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How to Spot a Fraudulent Website

By June 21, 2018November 2nd, 2018No Comments4 min read

How to Spot a Fraudulent Website

Con artists sometimes create websites to trick victims into handing over money or information. These sites can be hard to spot as they are often created to look like legitimate businesses. There are, however, several ways to spot a fake or fraudulent website. These tips will help you discern between reliable sites and potentially dangerous ones.

  1. URL | A website’s domain name can be a reliable indicator of the trustworthiness of the site. Many fraudulent sites will have a URL that is very similar to a well-known and trusted brand’s site to deceive users who aren’t paying due attention. Read the domain name closely and be wary of any that are suspiciously similar to popular brands. If a website is trying to pass itself off as an official domain of a popular brand, search for the legitimate site on Google and compare the URLs. Any company that sets out to deceive its visitors on an aspect of their brand as foundational as the URL cannot be trusted.
  2. Reviews | Websites and businesses are subject to personal reviews just as much as the products they sell are. There are many organizations, like Trustpilot or the Better Business Bureau, that can help you ascertain the legitimacy of individual websites. Anyone, including businesses themselves, can write reviews so browse a range of sources to get a more informed overview of a website’s standing. Social media is also a great place to read organic and genuine reviews of websites. The benefit of social media is that you can get a brief background of the person who did the review by looking at their other public posts. Someone with an activity feed made up solely of reviews may have been paid to make them so should not be trusted to be honest as much as someone with a natural and varied post history.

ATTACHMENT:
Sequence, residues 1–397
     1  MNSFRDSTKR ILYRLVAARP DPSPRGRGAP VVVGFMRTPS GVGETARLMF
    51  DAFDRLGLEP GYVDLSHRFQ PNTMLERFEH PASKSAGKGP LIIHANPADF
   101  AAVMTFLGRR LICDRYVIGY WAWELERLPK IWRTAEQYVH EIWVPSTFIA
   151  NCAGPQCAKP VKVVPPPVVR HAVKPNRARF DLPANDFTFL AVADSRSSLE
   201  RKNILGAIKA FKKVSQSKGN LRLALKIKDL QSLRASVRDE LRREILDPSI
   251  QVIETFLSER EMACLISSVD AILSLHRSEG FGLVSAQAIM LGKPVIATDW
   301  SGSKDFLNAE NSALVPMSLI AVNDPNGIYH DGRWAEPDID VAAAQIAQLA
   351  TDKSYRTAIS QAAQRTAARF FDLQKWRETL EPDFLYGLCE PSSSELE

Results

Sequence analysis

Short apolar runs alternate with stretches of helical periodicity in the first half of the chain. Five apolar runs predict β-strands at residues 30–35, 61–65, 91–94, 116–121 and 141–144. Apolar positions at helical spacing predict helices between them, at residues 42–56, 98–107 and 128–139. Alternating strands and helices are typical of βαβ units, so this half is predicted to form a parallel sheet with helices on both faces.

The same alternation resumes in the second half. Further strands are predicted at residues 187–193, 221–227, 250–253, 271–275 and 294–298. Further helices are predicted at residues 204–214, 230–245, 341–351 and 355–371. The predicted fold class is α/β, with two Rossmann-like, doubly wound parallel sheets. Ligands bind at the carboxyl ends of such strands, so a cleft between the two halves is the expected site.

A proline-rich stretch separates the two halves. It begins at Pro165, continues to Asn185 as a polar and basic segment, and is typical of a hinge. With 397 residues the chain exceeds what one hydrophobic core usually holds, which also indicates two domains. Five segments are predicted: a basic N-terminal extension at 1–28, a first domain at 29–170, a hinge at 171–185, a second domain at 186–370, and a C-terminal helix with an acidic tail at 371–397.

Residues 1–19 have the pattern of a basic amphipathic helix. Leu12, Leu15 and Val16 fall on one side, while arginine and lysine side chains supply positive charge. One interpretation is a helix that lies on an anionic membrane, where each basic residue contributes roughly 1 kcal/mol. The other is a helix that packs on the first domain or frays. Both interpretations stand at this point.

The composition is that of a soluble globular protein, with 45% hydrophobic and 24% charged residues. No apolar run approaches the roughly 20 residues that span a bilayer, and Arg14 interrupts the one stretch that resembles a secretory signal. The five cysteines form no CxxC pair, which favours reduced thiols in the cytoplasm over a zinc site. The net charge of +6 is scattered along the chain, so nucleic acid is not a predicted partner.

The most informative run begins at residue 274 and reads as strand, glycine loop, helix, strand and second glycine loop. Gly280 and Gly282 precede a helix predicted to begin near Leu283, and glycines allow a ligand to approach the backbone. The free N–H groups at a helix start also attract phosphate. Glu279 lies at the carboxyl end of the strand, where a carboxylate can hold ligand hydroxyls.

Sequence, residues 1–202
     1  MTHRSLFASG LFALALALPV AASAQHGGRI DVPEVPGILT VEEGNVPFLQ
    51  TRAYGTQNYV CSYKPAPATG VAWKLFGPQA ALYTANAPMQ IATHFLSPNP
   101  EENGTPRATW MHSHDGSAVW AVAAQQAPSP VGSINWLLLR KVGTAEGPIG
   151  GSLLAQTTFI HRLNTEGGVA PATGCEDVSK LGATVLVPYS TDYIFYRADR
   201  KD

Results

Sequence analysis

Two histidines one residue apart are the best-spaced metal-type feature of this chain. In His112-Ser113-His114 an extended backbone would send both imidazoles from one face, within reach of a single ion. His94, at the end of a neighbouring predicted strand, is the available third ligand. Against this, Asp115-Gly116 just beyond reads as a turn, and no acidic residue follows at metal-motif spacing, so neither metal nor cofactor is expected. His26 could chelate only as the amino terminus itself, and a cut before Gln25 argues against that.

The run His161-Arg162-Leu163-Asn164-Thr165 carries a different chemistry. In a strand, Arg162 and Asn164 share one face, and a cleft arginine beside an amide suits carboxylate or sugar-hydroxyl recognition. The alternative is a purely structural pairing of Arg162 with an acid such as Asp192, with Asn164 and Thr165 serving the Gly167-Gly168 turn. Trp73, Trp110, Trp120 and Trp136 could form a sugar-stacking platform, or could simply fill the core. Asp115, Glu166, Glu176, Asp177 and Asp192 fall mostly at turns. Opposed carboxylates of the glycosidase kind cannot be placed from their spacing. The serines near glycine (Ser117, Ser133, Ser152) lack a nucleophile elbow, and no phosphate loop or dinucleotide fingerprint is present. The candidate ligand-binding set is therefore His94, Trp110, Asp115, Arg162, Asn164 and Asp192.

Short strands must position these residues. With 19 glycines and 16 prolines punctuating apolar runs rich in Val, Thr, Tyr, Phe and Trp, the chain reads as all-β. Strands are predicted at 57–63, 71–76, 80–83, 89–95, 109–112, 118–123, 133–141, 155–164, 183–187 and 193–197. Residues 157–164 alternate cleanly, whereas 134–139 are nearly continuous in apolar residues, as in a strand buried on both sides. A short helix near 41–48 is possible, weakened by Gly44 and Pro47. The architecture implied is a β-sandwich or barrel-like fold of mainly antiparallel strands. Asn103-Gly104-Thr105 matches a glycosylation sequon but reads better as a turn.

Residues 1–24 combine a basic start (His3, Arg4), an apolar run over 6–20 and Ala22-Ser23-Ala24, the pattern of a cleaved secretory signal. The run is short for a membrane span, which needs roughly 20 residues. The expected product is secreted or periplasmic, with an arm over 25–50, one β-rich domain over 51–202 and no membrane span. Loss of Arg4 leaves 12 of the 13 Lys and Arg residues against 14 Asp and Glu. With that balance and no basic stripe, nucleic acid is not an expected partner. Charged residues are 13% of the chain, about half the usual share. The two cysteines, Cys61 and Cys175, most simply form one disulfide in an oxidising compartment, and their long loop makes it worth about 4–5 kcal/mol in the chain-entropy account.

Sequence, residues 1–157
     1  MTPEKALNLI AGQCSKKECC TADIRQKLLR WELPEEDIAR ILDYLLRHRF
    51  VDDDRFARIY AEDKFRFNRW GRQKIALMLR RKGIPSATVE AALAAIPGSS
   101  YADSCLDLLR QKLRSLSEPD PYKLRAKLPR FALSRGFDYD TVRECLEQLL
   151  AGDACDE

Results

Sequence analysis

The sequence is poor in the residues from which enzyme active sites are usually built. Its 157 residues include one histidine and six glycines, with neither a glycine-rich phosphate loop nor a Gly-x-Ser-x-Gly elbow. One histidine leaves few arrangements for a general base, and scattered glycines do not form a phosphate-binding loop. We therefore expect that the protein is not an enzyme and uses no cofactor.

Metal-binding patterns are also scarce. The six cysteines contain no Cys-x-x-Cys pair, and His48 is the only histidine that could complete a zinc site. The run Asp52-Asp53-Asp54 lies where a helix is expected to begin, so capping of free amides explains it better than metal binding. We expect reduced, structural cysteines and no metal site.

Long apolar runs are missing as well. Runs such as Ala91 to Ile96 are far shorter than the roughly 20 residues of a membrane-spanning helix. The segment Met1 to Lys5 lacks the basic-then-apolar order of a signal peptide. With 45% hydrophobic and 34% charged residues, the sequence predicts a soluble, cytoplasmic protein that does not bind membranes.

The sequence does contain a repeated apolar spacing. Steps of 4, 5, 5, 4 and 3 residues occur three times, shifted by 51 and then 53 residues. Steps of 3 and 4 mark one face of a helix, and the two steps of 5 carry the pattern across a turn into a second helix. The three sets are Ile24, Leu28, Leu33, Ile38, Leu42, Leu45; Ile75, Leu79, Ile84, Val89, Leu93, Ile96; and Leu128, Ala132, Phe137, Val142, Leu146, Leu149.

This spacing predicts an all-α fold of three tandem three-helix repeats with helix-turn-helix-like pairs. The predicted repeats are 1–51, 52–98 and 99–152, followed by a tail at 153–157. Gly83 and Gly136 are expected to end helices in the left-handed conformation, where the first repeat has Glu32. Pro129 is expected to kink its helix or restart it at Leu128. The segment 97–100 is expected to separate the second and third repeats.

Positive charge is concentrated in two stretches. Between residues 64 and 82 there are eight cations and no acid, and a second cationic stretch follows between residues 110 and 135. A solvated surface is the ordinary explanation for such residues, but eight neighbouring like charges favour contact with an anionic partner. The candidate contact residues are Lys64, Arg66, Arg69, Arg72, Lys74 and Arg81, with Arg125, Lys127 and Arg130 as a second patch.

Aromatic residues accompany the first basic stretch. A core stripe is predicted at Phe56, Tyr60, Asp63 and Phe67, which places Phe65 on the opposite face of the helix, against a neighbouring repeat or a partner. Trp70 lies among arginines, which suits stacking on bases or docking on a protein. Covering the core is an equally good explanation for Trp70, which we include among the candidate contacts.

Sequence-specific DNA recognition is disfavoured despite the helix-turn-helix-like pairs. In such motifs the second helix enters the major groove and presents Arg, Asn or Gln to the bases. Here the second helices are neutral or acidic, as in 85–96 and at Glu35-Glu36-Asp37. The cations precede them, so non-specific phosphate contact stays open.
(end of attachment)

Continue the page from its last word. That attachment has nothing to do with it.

3. Padlock | Look for a green padlock to the left of the URL. The padlock is a sign that the website uses HTTPS and is generally more trustworthy. HTTPS means that all the information sent and received by a site is encrypted so you can be more comfortable entering important information like your bank details, knowing that no one else can access it. The padlock is a positive sign that many fraudulent sites don’t have, but you shouldn’t take it as a sole indicator of complete safety. Use the padlock as an additional, rather than the sole, consideration when deciding whether to trust a website.
  4. Contact information | If you’re concerned about a website, a thorough check of their contact details can be very informative. Legitimate businesses make it as easy as possible to get in touch via some different methods, so if the information is hidden away or overly vague, it might be cause for concern. Follow any contact links or ones that profess to offer more information about the company to check that they’re valid. Hover over a link to see its destination URL in the bottom left corner of your browser before you click it. The lack of decent and verifiable information a company has about itself on its website is a major reason for suspicion.
  5. Payment | When it comes to money, don’t trust any website that tries to pressure you into handing over money or financial details unless it’s necessary. Arbitrary deadlines and other high-pressure sales techniques are often the tools of the trade for fraudulent websites so be wary of them. Don’t pay money to any site that insists on receiving the payment via bank transfer. Any genuine enterprise will have other payment methods available as it’s difficult to get a refund for goods or services paid for via bank transfer.

Knowing how to spot a potentially harmful website can save yourself a lot of aggravation. The impact of becoming victim to an online scam can be devastating mentally and financially. Educate yourself on what to look out for, so you know what to avoid.

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